Gary Alexander and friend jam at last year’s successful membership drive for KLOI.
KLOI is kicking off its 2009 membership drive with a live radio show on Saturday, September 12, 7:30 p.m. at the Lopez Center. The evening will provide a taste of KLOI by presenting abbreviated versions of various local radio shows, featuring KLOI radio “personalities” from all walks of life and backgrounds.
One of the shows, called Lopez Writers’ Read, is hosted by Lopezian Lorna Reese.
“My show centers on writers. The show adds a new dimension to people we all know and see on a regular basis, and besides, artists and writers are the most fun. They go deeper into life and come back with the most interesting things.”
Ron Metcalf, who has been involved for five years with the program, has been doing the Steve and Ron Show (with Steve Heller) since the station went on the air one and a half years ago.
“Steve and I have always focused on local interest stories, as well as interviews and what’s happening on the island on a day to day basis. This week, for example, we interviewed Jeffrey Stonehill on his one man Mark Twain show, and Chris Carter, of the Carter Family Marionettes.”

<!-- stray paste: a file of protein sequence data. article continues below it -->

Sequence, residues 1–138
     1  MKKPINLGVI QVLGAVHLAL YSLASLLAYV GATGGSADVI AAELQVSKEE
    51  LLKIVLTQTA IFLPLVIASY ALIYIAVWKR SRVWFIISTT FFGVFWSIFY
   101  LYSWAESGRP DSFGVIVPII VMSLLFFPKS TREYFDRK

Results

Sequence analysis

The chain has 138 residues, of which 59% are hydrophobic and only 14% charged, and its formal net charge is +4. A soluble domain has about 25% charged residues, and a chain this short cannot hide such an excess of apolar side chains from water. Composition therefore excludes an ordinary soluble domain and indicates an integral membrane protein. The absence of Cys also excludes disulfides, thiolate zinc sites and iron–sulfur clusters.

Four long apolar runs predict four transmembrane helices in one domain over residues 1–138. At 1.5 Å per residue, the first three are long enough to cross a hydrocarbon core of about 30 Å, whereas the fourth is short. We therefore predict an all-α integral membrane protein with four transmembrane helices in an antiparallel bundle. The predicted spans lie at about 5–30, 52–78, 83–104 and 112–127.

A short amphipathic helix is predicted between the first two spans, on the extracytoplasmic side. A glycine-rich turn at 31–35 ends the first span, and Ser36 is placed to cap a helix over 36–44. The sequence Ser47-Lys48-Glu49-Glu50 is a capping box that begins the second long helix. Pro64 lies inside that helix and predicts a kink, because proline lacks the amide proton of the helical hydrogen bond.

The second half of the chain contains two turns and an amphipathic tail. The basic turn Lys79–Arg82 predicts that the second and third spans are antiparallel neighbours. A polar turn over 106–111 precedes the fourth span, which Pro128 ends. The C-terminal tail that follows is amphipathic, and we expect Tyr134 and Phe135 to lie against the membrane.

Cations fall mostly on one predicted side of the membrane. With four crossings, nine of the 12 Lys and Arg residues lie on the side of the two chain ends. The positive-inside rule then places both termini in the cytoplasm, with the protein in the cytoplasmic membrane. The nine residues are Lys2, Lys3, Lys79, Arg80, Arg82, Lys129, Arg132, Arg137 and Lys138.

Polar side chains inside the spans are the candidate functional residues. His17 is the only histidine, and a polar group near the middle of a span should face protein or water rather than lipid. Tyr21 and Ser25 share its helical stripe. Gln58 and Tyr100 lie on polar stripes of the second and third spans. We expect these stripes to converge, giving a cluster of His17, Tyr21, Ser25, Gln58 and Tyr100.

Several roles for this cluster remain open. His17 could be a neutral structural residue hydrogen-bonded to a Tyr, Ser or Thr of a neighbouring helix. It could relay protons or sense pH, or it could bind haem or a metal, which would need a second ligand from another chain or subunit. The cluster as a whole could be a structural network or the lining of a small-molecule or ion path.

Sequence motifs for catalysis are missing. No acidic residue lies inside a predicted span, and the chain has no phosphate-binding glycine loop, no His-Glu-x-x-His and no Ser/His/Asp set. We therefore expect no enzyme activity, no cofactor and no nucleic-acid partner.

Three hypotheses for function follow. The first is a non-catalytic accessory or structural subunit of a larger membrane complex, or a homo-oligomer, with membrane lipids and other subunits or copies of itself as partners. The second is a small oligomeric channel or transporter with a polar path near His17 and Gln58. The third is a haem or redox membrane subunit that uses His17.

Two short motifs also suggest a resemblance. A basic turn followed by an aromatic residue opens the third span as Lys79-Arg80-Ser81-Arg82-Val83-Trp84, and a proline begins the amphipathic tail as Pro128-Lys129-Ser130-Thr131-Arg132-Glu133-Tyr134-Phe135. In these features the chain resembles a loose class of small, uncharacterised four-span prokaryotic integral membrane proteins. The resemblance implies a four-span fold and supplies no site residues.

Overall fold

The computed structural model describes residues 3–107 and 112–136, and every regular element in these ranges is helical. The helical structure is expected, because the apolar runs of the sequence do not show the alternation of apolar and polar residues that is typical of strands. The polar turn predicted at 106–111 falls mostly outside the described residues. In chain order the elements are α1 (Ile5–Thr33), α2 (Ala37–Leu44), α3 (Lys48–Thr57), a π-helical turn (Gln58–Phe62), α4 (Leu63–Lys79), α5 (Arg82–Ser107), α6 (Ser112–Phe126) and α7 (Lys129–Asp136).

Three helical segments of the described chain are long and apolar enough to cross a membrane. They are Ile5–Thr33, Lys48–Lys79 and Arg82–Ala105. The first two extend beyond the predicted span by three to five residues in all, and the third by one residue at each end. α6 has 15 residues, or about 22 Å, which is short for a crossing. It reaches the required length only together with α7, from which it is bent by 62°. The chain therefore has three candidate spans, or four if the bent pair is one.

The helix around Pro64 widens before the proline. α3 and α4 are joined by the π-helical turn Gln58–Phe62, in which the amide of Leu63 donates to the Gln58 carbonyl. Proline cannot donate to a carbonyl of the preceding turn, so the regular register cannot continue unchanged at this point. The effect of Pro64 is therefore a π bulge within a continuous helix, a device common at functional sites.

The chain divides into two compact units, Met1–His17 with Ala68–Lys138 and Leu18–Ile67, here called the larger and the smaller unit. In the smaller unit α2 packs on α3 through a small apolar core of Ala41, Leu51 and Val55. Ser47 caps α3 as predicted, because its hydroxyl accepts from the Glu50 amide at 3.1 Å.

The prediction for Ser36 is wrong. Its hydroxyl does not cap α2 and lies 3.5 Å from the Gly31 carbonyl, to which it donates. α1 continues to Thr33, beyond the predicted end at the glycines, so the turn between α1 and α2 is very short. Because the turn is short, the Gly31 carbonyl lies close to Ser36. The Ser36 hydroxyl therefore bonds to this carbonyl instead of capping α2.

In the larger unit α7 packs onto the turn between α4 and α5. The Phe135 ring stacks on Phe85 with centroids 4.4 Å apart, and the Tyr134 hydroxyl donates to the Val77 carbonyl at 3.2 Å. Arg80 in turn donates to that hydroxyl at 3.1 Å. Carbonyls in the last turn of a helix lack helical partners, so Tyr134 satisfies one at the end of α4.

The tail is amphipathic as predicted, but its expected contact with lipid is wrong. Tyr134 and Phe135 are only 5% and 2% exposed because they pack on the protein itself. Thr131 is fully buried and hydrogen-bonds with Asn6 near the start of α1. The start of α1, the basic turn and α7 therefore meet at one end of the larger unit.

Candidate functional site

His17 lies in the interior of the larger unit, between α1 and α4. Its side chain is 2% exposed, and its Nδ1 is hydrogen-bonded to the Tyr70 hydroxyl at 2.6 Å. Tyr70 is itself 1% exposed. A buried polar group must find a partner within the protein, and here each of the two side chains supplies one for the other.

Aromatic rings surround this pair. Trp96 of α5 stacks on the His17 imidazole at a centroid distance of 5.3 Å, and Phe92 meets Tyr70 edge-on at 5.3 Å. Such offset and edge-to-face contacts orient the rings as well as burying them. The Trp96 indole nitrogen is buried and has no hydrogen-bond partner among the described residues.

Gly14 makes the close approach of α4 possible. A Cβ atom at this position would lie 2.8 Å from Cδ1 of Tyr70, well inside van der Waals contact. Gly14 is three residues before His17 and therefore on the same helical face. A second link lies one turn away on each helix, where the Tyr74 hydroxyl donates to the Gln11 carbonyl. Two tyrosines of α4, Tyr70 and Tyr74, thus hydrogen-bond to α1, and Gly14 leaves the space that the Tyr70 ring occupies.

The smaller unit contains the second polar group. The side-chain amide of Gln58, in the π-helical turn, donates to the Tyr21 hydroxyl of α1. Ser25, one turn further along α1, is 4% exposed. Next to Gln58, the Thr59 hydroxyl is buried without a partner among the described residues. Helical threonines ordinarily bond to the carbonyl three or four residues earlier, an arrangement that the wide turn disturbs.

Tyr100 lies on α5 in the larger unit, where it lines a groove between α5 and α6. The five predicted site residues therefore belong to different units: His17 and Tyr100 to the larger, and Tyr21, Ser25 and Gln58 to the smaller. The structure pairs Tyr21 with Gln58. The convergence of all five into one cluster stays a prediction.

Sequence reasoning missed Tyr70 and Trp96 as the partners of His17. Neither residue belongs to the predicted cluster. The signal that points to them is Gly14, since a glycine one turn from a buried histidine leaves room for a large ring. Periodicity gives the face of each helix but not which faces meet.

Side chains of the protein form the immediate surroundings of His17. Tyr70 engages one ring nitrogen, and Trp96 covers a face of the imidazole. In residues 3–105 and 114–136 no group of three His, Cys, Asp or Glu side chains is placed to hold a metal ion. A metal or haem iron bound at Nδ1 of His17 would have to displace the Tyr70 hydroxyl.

Reese’s and Steve and Ron’s are just two shows that will be featured in the line up on Saturday. Other shows featured will be Lance Brittain and The Grand Southern Vocal and Plectrophonic Review, the Lopez Radio Drama starring Terri Drahn and Robert Herrmann, the Lopez elementary kids, who will be performing a special radio program, and Groove Inn with Hawk Aarps, who will be providing live music.
Metcalf said, “We’re also featuring the various DJ’s who program our eclectic musical line-ups as well as having live music interspersed throughout the program. The membership drive show will showcase everyone’s hard work and enthusiasm, as we really do need a more robust membership; many of us aren’t good at doing certain tasks, like technical functions, but we get along. It would be very helpful to have more assistance.”
KLOI is a completely voluntary, community-funded radio station, and it needs member-supported donations as well as new membership to keep the station afloat. KLOI is available everywhere in the world via the internet by streaming.
“It’s a beautiful thing, community-supported radio. But it does need everyone’s hand, as well as their ears,” Reese said.